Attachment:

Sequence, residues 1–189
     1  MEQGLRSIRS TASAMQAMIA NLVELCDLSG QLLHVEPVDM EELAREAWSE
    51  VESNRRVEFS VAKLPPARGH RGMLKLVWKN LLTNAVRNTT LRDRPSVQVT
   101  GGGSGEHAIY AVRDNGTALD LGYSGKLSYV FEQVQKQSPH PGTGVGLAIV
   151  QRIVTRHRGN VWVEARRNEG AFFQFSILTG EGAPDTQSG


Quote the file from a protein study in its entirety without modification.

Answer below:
Sequence, residues 1–189
     1  MEQGLRSIRS TASAMQAMIA NLVELCDLSG QLLHVEPVDM EELAREAWSE
    51  VESNRRVEFS VAKLPPARGH RGMLKLVWKN LLTNAVRNTT LRDRPSVQVT
   101  GGGSGEHAIY AVRDNGTALD LGYSGKLSYV FEQVQKQSPH PGTGVGLAIV
   151  QRIVTRHRGN VWVEARRNEG AFFQFSILTG EGAPDTQSG